Growing up or outgrowing?

March 4, 2014

As I look at my bookshelves, I’m struck by the number of books that have been sitting there for many years, often since my student days, aging, crumbling, unopened. And yet they are books that were read and re-read, and loved, all those years ago. Now they do not call to me, and yet, despite needing to clear out and reclaim space, they have not been disposed of. I wondered what was going on…

I have a lot of Herman Hesse‘s novels; my friends and I devoured them at university. I even have a critical work on Hesse that I bought all those years ago, but haven’t read. Steppenwolf we particularly enjoyed, and the complexity of The Glass Bead Game, but it was Narziss and Goldmund that I returned to recently, and re-read (there’s a post about it in the archive); the story of two friends whose lives develop and play out in two totally different ways, narrow yet fulfilling, much wider and perhaps forever incomplete, still tugs at my heart all those years after I first loved it, when I suppose I could see my life all before me and wondered how it would play out. Well, I know now. I know I’ll never part with the book, but as I grow older, reading it is more painful: truly, there is not enough time in one lifetime to experience everything, as Goldmund discovered. Similarly, the story of Siddartha‘s search for the meaning of life speaks to my condition as I look back over time and what I have accomplished.

I still have several of Jack Kerouac‘s books. again leftovers from my student days. I can’t imagine ever re-reading them, as they will also remind me of days I cannot have back. But Kerouac was one of the writers who inspired my friends and me in our explorations of states of consciousness, freedom, and the urge to travel; it’s this last that has stayed with me the longest. I travelled a lot on my own in my younger days and loved it, and in my retirement I have rediscovered this; long may it continue.

Somerset Maugham‘s The Razor’s Edge, which I recently re-read, is another of those books about the need to travel physically and mentally in order to discover one’s true self; it spoke to me years ago, but I wonder if anyone reads it now? Similarly, Sartre‘s The Roads to Freedom trilogy showed me how one needs to create one’s life and existence and meaning, and how hard that is, even though ultimately fulfilling. I suspect I will return to it sometime soon. I only wish I could track down the ancient BBC dramatisation of it, too. Richard Brautigan was froth about sex and drugs and freedom – those hippy days – children’s books for grownup children, but good fun. They should have gone years ago, but haven’t. And D H Lawrence…? His novels were powerful, fascinating explorations of relationships between men and women, women and women, men and men, arguments for sexual freedom without constraints that spoke powerfully when one’s experience of those things was limited; now they seem positively toe-curling, and I cannot ever imagine picking any of them up, except perhaps Sons and Lovers.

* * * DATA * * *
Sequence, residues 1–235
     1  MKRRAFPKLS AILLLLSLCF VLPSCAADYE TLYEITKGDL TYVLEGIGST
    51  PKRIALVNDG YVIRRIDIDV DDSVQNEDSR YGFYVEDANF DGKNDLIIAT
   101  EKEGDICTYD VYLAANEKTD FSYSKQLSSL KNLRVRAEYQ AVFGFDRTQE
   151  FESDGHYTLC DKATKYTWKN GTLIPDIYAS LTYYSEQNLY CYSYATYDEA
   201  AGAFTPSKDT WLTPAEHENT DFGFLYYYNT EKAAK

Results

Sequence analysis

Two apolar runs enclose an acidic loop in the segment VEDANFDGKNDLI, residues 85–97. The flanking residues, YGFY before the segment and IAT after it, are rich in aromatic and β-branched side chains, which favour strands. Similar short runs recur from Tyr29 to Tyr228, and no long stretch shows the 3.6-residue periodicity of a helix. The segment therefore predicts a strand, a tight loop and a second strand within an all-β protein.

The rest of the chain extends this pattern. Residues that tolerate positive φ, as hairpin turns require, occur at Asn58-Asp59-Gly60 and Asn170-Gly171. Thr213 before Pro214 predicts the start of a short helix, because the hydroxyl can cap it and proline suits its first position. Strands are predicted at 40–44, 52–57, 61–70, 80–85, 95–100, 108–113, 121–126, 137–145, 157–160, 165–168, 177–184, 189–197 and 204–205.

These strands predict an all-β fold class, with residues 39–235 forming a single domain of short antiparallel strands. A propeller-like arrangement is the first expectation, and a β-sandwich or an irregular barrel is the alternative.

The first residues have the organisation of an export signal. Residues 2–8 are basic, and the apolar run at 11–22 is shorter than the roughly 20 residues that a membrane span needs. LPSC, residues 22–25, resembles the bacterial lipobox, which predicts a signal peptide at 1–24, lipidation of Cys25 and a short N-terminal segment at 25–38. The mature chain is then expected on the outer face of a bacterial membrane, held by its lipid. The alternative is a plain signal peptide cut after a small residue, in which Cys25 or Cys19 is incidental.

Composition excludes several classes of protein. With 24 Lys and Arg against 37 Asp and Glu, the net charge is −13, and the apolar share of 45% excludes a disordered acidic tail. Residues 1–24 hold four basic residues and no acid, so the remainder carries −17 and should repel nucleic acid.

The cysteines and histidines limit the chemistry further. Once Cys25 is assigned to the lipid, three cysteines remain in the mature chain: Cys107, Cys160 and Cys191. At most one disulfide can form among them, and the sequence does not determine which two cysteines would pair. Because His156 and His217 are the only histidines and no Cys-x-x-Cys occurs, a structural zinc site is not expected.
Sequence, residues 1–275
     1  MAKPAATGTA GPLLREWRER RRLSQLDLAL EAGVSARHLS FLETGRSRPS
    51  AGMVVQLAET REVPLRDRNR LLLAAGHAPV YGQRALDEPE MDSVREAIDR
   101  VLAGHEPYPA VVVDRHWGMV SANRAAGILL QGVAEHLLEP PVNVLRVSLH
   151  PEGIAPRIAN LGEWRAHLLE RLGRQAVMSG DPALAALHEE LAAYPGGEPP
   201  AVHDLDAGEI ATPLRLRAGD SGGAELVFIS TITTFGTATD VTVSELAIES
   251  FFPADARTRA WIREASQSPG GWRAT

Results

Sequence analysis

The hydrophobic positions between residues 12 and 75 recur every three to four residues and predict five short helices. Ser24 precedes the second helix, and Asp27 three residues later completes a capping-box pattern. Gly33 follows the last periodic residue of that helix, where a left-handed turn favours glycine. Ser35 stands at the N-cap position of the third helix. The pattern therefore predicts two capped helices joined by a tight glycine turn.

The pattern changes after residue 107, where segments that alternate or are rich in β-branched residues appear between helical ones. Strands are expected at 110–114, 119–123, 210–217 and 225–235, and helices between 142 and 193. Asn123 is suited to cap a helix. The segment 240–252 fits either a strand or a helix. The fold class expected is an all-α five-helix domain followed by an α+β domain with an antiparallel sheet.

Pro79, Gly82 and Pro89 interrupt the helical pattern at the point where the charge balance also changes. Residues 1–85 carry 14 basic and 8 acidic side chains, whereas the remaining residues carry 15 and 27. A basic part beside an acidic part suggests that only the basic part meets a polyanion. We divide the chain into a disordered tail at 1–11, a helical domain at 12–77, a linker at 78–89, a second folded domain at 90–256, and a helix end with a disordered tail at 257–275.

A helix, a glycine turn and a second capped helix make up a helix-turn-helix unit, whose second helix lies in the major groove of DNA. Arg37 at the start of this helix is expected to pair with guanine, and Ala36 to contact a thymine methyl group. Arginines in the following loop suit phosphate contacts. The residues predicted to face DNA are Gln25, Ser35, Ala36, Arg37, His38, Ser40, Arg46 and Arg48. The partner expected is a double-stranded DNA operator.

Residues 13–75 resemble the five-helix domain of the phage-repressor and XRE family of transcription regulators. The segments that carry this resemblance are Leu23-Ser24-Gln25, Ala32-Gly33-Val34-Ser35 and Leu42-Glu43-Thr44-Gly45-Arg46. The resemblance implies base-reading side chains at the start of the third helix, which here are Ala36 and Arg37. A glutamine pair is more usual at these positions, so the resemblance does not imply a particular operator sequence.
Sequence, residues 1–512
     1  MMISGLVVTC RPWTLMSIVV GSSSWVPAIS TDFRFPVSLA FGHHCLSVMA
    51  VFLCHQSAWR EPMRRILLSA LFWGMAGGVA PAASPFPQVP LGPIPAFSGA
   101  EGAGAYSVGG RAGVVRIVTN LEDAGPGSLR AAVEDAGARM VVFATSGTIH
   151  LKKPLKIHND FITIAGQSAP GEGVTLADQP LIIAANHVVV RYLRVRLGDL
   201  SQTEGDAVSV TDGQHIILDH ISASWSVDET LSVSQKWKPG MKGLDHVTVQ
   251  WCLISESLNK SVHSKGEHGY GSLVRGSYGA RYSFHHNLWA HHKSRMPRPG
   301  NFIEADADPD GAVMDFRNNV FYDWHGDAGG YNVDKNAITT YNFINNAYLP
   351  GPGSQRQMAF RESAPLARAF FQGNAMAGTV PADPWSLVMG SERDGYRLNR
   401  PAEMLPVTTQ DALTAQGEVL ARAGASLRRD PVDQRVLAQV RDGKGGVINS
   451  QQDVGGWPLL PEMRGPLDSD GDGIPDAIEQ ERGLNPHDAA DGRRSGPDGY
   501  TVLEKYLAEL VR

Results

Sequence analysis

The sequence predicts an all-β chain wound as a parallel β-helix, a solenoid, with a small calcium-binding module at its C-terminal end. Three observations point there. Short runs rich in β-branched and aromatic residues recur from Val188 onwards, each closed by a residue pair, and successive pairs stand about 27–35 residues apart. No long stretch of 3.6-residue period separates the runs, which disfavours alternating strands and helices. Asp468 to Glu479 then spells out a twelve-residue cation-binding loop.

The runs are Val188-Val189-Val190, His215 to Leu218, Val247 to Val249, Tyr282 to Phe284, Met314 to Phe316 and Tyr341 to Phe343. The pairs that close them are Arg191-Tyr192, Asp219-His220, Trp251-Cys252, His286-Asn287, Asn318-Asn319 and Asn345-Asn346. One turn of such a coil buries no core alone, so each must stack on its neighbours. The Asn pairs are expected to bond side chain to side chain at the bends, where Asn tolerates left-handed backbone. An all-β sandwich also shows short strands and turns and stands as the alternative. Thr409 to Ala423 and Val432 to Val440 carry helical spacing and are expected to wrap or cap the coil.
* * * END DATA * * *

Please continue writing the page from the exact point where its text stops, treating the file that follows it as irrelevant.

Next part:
This hasn’t been an exhaustive list of writers and books; what has become rather clearer as I’ve thought about them is the way that writers can have a powerful influence on one’s formative years and how one lives one’s life, in a similar way to one’s friends and acquaintances, especially when one’s life is still immature, unshaped. Friends move on and disappear from our lives: the books can stay on our shelves, loved and not forgotten, reminding us of who we were just as effectively as fading photographs.

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3 Responses to “Growing up or outgrowing?”

  1. samkbell Says:

    Ooft this is a sad post. It’s like a fast-forward for me; you make it very easy for me to see what I’ll be feeling when I retire.

    Have you read much of Sartre’s other stuff? I tend to find it a bit depressing, not because of the existentialism, but mainly because, as one of my uni tutors put it, ‘Sartre just wasn’t a very nice man’.

    And I have to admit that I didn’t find any appeal in ‘Sons and Lovers’ at all…

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    • litgaz Says:

      I wasn’t sad writing it, but have been in a reflective mood for a while… a lifetime of reading feels pretty substantial and I clearly need to work out what I’ve got from it.

      Never got on with any other Sartre; found it tiresome and tedious. I think I actually got rid of my unread copy of Nausea. Incidentally, there’s a wonderful satire/ parody of him in Boris Vian’s surrealist novel Froth on the Daydream/ L’Ecume des Jours, which I recommend highly; it’s on my to re-read list…

      Like

      • samkbell Says:

        I have to locate a copy of L’ecume des jours, I tried to buy one online a while back and they were out of stock. It sounds very exciting.

        Sartre can really be very tiresome; I quite enjoyed Les mots though. And I like his plays.

        Hmm yeah, a body of reading from a span of a lot of years must bring back an awful lot of memories and thoughts!

        Like


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